• Tier 3 - a solar panel organization that has been marked as Tier 3 will be the most unreliable type of setup you can get. The organization will be new and will not have developed or properly tested its own products before distribution.

If you want to get the most out of your mid-range system, you are going to want to opt for at least a Tier 2 installment to have some quality assurance from your investment. While you can feel more comfortable with your purchase with this kind of installment, you can also expect it to cost you. Depending on how large of a system you need, you could end up paying upwards of $15,000 - $20,000.

High-End

If you want to make the most of your solar panel system, you are going to want to invest properly in your installment, which means that costs should not be a factor for you. While you can feel much more confident in your solar panel investment, you should be prepared to dish out a considerable amount of cash.

For a quality solar panel system, investing in a Tier 1 installation will be a must. The cost of a Tier 1 installation can be anywhere from $25,000 - $45,000 - depending on the size of your home and how many panels you install. This is a staggering amount of money for converting to a renewable energy resource and it is way outside the budget of your average consumer.

With the average annual cost of energy for an American household being anywhere from $1,100 - $1,600, the amount of time that it would take to see a return on a Tier 1 investment could take multiple decades. This can seem counter-intuitive for many consumers that want to switch to solar power for the purpose of saving on energy costs.

In reality, investing in a quality solar panel that enables you to go fully off-grid is something that only the rich can afford and is more of a luxury than it is an attainable energy solution for the public at large.

Battery System

The expenses attached to solar power do not end with their installation and purchase, there are often additional costs that go with such an energy transition that many consumers overlook - with the most common being a battery system capable of storing your energy.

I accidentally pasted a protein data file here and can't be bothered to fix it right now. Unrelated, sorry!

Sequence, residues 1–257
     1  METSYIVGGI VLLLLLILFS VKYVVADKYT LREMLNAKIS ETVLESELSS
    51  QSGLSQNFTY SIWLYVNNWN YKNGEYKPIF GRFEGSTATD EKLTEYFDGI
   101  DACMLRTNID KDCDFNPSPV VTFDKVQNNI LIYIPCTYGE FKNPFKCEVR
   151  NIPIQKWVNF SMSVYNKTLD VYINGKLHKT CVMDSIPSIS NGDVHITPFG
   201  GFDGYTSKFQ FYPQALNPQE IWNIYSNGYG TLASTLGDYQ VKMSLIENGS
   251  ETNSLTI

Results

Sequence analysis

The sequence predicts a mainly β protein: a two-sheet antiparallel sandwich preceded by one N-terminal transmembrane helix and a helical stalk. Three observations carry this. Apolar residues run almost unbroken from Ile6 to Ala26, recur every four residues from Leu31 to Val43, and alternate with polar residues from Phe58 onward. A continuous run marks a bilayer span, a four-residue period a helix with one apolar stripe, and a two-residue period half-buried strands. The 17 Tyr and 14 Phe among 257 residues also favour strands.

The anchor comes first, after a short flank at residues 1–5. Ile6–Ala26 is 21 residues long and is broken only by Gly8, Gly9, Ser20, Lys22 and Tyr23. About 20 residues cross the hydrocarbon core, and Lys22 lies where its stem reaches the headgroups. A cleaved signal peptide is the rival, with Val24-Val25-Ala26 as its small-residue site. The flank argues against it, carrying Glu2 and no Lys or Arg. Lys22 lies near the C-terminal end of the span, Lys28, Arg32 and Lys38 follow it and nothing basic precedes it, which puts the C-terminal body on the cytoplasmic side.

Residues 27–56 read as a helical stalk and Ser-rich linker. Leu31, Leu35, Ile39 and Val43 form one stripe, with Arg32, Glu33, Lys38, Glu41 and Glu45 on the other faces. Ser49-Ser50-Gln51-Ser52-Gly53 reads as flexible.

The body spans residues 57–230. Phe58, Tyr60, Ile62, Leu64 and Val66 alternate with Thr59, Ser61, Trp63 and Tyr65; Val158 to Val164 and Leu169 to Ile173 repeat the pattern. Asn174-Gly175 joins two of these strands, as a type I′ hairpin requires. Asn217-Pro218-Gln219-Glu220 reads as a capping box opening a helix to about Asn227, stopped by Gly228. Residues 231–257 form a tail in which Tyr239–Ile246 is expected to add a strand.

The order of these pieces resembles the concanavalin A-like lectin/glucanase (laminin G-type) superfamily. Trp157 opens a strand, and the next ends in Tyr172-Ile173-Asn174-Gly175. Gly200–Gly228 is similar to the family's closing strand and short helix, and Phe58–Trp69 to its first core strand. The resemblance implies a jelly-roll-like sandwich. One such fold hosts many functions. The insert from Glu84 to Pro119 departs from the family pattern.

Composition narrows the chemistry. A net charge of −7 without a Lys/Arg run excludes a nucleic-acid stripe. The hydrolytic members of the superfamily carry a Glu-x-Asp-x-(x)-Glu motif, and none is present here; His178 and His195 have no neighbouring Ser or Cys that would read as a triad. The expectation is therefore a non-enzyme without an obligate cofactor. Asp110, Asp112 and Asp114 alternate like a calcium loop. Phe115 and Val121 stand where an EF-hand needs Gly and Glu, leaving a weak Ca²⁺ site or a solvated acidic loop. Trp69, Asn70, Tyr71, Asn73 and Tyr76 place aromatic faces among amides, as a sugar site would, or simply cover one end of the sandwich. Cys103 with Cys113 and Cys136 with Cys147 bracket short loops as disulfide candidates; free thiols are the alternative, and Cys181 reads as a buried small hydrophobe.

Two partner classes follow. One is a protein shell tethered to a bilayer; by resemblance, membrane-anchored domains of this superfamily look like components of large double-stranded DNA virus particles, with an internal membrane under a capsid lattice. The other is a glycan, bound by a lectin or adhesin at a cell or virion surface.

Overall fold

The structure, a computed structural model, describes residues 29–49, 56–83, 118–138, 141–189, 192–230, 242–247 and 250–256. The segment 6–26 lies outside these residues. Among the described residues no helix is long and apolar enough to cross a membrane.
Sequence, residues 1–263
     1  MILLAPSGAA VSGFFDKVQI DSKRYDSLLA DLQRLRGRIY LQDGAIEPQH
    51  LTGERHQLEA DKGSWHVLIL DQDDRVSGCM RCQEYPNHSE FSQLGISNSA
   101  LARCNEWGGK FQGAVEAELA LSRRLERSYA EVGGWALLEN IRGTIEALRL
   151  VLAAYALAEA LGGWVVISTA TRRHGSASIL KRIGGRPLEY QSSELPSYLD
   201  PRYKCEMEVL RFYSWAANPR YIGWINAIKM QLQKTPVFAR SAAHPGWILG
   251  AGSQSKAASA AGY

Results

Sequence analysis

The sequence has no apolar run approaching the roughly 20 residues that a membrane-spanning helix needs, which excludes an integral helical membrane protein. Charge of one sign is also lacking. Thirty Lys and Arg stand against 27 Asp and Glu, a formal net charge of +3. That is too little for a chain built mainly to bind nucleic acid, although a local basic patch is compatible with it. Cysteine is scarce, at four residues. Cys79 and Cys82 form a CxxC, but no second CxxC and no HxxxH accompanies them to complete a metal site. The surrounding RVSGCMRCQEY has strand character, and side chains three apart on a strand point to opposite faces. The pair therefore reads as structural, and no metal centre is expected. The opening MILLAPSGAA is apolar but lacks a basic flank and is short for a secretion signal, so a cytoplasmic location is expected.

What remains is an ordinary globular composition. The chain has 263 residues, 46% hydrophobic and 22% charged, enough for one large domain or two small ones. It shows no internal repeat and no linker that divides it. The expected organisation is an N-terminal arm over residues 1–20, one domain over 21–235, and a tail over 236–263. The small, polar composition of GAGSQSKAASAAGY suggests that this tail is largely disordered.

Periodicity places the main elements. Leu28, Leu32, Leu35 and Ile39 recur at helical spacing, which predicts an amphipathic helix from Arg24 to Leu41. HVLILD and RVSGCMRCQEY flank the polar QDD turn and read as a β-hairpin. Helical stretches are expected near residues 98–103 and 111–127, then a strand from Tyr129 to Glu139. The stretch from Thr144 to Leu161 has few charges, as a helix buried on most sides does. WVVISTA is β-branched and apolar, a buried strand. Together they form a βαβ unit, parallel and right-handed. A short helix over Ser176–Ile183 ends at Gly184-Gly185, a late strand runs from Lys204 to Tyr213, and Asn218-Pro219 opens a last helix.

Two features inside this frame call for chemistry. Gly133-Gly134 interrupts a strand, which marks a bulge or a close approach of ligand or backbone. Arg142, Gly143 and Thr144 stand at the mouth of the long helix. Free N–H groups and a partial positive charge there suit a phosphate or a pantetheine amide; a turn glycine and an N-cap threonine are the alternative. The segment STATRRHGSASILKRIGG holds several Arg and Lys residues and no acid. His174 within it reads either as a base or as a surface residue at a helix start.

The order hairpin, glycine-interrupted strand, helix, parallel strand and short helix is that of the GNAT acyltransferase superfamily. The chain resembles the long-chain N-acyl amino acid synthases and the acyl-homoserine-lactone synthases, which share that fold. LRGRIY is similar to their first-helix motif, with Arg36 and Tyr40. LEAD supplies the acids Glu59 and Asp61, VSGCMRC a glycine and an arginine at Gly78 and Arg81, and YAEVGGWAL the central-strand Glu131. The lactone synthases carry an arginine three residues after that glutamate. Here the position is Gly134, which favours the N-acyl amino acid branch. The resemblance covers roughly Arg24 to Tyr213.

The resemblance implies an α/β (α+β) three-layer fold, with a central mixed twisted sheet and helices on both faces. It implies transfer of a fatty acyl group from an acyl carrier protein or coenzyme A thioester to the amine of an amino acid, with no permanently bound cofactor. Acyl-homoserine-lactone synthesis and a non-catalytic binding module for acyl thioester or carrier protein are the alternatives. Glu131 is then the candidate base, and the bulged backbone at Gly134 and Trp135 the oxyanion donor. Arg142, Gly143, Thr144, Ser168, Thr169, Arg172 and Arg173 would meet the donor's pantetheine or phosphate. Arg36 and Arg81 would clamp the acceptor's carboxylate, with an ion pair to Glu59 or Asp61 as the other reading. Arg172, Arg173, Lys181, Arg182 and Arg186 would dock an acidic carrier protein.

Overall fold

A battery system can often cost as much as some solar panel installations, which can double your total costs if you are going with a lower-end option. The reason that a battery system is sometimes necessary for a solar panel setup is that you will likely want to utilize solar energy exclusively to power your home - especially if you want to get off of the grid.

A battery system capable of supporting a household can range from $4,000 to $7,000 depending on the size of your system. This is the cost of the batteries alone and does not include the cost of paying a technician for installation.

Wind Energy

The next most popular approach for harvesting renewable energy is utilizing wind power. Wind power has become increasingly more common in the United States and the world in recent years - with turbines popping up to support whole communities and private residences.

Wind turbines are quite effective at harnessing energy when conditions are ideal, but they can be extremely expensive to get up and running, which is why solar tends to be more common. However, much like solar energy, there are some different levels of wind power that determine the cost and quality of this technology. Let’s take a closer look at wind energy.

Small - Medium Setup

If you want to make the most of your wind power system, there is going to be very little room to cut corners and costs. One of the main reasons for this is that wind turbines are considerably more expensive to set up given that the installation is less customizable.

When you invest in wind energy for your home, you are going to need to buy at least 1 or 2 turbines. These can cost anywhere from $15,000 to $20,000 (or even more) for just a single wind turbine. While this does include installation and it will supply a considerable amount of power, you will need several of these to take care of your entire energy needs.